Ten years ago, on March 1, 1999, the federal government and the state of California agreed to pay Charles Hurwitz of Maxxam Corp. $380 million for an imperfect and yet miraculous 7,472 acres of Pacific Lumber Co. land east of Humboldt Bay between Fortuna and Eureka. And all this coming summer, the Bureau of Land Management, which co-manages the reserve with the California Department of Fish and Game, will be hosting celebratory events to mark the 10th anniversary of the Headwaters Forest Reserve. There will be hikes, lectures, parties.
Some people, however, thinking back over the 10 years since the Headwaters Deal was struck that bought the public this forest, and remembering the dozen-plus strife-ridden and even bloodstained years preceding it, may be shaking their heads ironically at the thought of a celebration.
Granted, the deal gave the public the largest unlogged tract of old growth redwood forest in the world still in private hands -- and, later, two less-pristine old growth groves the state paid for with $100 million more. But the deal also wrested agreements from Hurwitz on how Pacific Lumber Co. would manage the rest of its 210,000-plus acres sustainably and to preserve protected species habitat, and to not log most of the old growth groves on its property for 50 years -- agreements which have generated much controversy and fostered numerous lawsuits since, with environmentalists saying they're flawed and Hurwitz saying they forced Pacific Lumber into the bankruptcy that eventually caused Maxxam to exit the scene last year.
But others may recall how the deal came within minutes of collapsing -- and who knows what would have happened to the Headwaters after that? U.S. Sen. Dianne Feinstein had managed to secure the Headwaters agreement in 1996, and Congress appropriated $250 million -- contingent upon California's putting up $130 million and the development of those agreements. The federal appropriation was set to expire at midnight March 1, 1999.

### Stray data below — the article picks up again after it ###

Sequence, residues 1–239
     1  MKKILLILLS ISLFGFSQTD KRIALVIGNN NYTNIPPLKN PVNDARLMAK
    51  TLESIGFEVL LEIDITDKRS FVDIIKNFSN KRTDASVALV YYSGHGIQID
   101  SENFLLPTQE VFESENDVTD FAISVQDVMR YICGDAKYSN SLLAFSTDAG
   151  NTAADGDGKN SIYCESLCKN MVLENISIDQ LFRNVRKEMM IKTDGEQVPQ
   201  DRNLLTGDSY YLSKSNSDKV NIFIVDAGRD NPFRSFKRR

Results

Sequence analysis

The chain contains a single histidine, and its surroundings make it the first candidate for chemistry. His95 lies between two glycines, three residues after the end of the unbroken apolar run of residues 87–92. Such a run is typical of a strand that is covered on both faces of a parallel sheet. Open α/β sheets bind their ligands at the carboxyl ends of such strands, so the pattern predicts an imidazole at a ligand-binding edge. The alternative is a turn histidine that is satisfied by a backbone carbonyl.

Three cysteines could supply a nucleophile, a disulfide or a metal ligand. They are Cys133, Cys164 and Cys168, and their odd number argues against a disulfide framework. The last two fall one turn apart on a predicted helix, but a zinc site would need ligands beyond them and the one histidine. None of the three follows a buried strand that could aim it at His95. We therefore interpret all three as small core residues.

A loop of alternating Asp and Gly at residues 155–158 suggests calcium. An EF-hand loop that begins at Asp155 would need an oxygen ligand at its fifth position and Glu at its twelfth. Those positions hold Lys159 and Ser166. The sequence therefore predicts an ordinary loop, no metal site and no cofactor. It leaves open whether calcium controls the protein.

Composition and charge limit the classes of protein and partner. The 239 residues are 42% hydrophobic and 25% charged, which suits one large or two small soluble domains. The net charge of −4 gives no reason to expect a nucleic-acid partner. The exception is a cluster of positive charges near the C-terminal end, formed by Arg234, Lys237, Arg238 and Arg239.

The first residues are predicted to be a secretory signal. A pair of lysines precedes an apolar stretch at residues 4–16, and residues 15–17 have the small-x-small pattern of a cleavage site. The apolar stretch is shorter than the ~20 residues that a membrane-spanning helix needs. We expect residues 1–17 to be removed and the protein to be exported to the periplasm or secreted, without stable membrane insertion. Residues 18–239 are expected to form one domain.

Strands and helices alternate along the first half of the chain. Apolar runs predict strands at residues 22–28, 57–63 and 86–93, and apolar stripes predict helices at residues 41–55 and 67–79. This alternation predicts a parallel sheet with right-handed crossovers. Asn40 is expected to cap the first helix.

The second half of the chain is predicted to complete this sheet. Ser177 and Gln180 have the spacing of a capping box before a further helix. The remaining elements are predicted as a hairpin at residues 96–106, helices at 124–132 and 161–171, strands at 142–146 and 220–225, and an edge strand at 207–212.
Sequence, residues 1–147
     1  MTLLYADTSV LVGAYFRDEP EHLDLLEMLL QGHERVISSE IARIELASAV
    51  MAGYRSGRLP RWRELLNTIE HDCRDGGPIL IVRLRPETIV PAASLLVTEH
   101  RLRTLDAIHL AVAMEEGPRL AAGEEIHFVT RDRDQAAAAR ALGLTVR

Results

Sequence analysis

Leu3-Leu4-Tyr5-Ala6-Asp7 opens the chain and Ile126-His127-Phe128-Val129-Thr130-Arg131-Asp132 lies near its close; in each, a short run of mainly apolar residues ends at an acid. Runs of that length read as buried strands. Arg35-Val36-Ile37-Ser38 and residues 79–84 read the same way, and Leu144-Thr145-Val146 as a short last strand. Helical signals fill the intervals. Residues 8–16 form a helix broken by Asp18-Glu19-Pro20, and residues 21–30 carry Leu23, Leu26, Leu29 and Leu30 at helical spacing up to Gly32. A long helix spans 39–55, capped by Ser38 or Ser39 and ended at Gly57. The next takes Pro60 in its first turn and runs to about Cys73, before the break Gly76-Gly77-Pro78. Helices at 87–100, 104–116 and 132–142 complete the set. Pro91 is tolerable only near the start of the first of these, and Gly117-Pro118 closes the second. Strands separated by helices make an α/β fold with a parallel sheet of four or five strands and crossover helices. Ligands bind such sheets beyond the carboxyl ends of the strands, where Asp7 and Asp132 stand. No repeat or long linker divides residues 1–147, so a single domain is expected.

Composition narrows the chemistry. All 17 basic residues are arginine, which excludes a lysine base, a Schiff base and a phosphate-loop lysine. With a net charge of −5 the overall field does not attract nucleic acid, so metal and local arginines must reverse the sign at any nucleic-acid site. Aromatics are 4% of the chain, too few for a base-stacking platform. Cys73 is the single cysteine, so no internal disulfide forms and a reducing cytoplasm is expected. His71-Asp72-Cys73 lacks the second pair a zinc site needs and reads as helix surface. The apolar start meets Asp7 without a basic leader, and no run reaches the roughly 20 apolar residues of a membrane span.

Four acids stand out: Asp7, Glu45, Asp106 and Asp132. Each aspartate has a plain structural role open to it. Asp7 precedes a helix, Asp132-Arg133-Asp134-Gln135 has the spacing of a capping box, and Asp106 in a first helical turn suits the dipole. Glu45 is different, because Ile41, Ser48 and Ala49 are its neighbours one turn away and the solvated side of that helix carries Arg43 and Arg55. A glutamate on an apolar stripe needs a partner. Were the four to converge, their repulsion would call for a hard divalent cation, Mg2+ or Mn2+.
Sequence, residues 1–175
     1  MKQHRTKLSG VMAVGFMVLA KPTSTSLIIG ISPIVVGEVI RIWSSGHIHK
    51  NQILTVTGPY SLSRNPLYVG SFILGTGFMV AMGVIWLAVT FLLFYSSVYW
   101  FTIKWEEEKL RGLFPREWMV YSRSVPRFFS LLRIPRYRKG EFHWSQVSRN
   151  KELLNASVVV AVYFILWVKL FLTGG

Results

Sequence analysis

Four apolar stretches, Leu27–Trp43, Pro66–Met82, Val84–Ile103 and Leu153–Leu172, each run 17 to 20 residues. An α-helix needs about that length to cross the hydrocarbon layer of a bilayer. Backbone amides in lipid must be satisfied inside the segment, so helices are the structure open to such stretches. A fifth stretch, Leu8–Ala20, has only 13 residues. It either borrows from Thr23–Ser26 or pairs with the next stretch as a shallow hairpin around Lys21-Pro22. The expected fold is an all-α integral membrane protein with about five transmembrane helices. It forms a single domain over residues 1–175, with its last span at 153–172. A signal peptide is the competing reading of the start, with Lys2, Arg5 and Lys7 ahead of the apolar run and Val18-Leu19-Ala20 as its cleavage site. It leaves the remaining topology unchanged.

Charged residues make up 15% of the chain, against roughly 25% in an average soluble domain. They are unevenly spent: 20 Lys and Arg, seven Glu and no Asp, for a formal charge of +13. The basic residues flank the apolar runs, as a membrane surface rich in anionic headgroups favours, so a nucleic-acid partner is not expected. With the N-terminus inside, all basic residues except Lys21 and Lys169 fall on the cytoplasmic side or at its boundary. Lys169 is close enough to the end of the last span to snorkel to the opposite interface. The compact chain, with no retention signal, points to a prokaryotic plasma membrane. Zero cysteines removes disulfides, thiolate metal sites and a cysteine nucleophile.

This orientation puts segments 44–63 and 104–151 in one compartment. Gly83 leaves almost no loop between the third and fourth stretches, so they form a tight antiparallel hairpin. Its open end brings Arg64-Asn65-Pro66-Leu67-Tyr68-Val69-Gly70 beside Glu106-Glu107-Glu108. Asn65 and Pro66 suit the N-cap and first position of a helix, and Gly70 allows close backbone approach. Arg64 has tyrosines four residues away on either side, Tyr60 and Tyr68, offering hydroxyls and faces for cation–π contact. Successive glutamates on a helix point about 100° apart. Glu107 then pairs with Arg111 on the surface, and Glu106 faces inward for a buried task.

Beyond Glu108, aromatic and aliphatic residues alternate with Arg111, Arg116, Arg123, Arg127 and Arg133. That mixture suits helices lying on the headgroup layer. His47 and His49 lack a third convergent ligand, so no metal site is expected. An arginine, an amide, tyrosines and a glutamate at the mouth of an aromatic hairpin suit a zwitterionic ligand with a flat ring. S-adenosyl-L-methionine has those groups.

David Hayes -- President Barack Obama's designee for Deputy Secretary of the Department of the Interior, a position he also held in the Clinton Administration -- at the time of the deal was Counselor to then-Secretary of the Interior Bruce Babbitt. Hayes was an integral player in the years-long negotiations for the deal. And a year after the deal became final, he wrote an edge-of-seater account of the dealmaking for the Environmental Law Reporter. Toward the end of the piece, he writes about the last few minutes before midnight, Pacific Coast time, just after Hurwitz -- who had given up on the deal in the last days -- had finally come around after some fancy footwork on Hayes' and others' part: